JEDDAH: A fine needle, thread, Aida fabric and her imagination can create hundreds of picture-like projects for cross stitches like Alaa Al-Sawwaf of Jeddah, a stay-at-home mom who has been crafting for over 20 years. years.
These embroidery tools are familiar to her family, as she picked up the hobby from her grandmother when she was just 10 years old.
“It all started when I was 10, when I sat next to Fini, my Austrian grandmother who did a lot of crafts like knitting, crocheting and embroidery. It was very exciting for me to ‘to be right next to her and watch her knit,’ Al-Sawwaf told Arab News.
“She gave me my first embroidery and knitting kit, and she started teaching me and correcting me when I did something wrong. My grandmother is the main reason for my passion for needles and sons,” she added.
Recalling those times, the embroiderer said the Kingdom had no stores that sold embroidery tools and she bought a counted cross stitch kit by accident while she was abroad. This led Al-Sawwaf to a hobby that she greatly identifies with.
“We used to get it from Austria or the UK or the USA. I remember one time when we were in New York in the summer and I was buying my embroidery kits, I Bought a kit thinking it was embroidery but didn’t open it until I came back to Jeddah Once I opened it I couldn’t figure out what was going on I started reading all the instructions carefully and it was love at first point,” she said.
“What made me love counted cross stitch even more is that when embroidering, I don’t know what I’m embroidering. I look at it from a distance, then I see the whole picture. My heart still skips a beat because of the beauty my hands just stitched up,” she added.
@lulusstitches is Al-Sawwaf’s handle on Instagram and Tiktok. She said she gets great support on social media, especially on Instagram.
“I found my community there, and it’s a great community. Most of them come from abroad. I learned so much from them and they were so supportive,” she said.
Al-Sawwaf’s favorite project is “Al-Shaikhah”. To create it, she used about 78 colors and it took her two years to complete. This is a portrait of a woman dressed in traditional Bedouin clothing, an image credited to another artist on Instagram, @ahmadart86.
“I found myself sewing it. I knew my style and what I like to do while sewing it. It’s an amazing feeling when you think you’re just sewing another project, but then it becomes the room you saw your style and yourself in,” she said.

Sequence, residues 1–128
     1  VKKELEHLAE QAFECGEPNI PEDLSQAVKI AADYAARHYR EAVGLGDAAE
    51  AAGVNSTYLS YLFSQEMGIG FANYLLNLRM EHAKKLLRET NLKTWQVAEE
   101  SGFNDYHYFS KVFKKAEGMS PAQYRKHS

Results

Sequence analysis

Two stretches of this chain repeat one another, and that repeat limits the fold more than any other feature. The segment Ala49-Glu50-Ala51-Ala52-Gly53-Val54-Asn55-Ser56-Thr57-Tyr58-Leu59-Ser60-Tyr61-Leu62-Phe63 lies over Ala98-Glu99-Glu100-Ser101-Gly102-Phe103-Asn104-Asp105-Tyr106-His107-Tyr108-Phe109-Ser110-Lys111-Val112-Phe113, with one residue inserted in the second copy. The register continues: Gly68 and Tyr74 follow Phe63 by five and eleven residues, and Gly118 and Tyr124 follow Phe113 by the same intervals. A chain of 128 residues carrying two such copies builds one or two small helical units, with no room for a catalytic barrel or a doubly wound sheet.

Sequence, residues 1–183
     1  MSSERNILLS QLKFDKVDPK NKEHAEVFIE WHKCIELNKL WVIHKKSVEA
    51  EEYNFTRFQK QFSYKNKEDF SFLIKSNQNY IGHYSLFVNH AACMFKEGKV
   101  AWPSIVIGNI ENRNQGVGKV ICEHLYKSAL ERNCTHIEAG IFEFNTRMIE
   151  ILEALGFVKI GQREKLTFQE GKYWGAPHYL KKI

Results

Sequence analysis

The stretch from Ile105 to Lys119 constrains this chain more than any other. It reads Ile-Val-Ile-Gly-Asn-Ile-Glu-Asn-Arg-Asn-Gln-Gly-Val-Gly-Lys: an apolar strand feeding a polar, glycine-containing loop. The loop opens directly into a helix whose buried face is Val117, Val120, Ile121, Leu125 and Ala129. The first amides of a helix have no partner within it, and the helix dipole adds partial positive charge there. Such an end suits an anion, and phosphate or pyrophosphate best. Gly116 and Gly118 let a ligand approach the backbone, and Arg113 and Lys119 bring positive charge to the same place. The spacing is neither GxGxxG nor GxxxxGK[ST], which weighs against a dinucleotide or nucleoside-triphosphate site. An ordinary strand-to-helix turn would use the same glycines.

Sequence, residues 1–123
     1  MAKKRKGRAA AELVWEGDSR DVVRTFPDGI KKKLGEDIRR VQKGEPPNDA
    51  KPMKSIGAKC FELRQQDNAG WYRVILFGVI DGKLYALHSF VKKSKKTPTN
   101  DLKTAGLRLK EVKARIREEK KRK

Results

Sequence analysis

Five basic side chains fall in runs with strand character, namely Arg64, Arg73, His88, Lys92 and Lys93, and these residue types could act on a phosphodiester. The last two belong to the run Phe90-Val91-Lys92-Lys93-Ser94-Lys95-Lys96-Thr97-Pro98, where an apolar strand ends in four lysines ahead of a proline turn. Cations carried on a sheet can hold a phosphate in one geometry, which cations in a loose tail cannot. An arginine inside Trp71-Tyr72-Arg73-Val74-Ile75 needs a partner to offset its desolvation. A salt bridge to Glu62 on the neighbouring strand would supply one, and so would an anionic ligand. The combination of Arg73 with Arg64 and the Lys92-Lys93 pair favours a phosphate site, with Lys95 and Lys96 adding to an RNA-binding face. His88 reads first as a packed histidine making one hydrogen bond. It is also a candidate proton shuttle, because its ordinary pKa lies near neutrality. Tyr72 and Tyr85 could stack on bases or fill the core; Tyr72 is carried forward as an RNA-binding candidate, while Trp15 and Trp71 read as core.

Al-Sawwaf stressed the importance for embroiderers to take care of their hands, neck, back and eyes regularly, to prevent injuries or strains.
“We seamstresses need to take care not only of our hands, but also of our necks, backs and eyes. Before sewing, it is better to try to stretch your hands and wrists. It is very important not to stress the hand by holding the hoop or the needle too tightly. It’s a joyful pastime – relax your hand and enjoy your stitches and try to move your hands once in a while,” she added.
“Your neck and back should be straight when working on your project – choose the right chair with pillows to support your hands, back and shoulders. The eyes are the most important, in my opinion. You need enough of light and glasses or perfect reading glasses.Don’t overuse your eyes.Once they get tired and teary, stop.
What made me love counted cross stitch even more is that while embroidering, I don’t know what I’m embroidering. I look at it from a distance, then I clearly see the whole picture. My heart still skips a beat because of the beauty my hands have just sewn.
Al-Sawwaf said the time it takes to complete a project depends on its size. A small project can take three to six weeks, while larger, more complex projects can take 11 months or up to two years.
The cross pointer is currently being treated for Fuchs dystrophy, a buildup of fluid in the cornea of the eye.
“This disease ends up losing sight over time, and the only way to save it is to do a corneal transplant,” she said.
Her passion for her hobby is the driving force behind her perseverance and determination to recover from illness.
“With Fuch’s disease, you lose your sight and go blind. I have two choices: either lose my sight and adapt to this new life, or undergo surgery. I chose to see and I decided to go through everything just so I could see and continue doing what I love most – sewing,” she said.